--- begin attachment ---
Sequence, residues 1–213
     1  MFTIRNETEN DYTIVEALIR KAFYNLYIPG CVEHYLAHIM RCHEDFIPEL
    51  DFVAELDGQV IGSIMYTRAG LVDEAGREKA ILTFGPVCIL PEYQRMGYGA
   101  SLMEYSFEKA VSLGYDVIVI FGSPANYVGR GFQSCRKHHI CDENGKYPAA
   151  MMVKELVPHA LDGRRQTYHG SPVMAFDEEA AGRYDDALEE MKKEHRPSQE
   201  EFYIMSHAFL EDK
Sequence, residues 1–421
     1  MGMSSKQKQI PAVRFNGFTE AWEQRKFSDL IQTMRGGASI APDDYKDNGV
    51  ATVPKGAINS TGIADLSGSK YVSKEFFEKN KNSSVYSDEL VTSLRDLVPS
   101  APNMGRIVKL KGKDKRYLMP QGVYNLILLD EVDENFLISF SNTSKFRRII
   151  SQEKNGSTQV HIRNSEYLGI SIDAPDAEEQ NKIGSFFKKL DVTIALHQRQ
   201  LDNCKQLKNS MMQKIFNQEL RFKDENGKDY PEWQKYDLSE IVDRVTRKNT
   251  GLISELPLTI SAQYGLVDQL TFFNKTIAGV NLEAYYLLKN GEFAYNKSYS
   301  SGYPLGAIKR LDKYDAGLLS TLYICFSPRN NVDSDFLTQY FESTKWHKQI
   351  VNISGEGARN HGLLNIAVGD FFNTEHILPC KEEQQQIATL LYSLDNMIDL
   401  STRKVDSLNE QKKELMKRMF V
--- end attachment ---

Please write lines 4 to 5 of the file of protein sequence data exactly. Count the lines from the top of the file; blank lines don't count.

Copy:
   101  SLMEYSFEKA VSLGYDVIVI FGSPANYVGR GFQSCRKHHI CDENGKYPAA
   151  MMVKELVPHA LDGRRQTYHG SPVMAFDEEA AGRYDDALEE MKKEHRPSQE